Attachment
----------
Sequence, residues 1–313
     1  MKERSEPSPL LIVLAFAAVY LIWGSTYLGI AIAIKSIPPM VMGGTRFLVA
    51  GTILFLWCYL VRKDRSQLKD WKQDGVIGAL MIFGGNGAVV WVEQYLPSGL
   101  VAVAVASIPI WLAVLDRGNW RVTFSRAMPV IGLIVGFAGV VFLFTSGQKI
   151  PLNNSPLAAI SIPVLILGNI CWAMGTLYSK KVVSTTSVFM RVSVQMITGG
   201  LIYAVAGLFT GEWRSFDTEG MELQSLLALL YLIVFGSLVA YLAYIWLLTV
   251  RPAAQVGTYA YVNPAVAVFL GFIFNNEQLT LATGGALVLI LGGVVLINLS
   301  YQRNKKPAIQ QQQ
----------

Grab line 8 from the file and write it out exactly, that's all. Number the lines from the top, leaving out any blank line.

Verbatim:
   301  YQRNKKPAIQ QQQ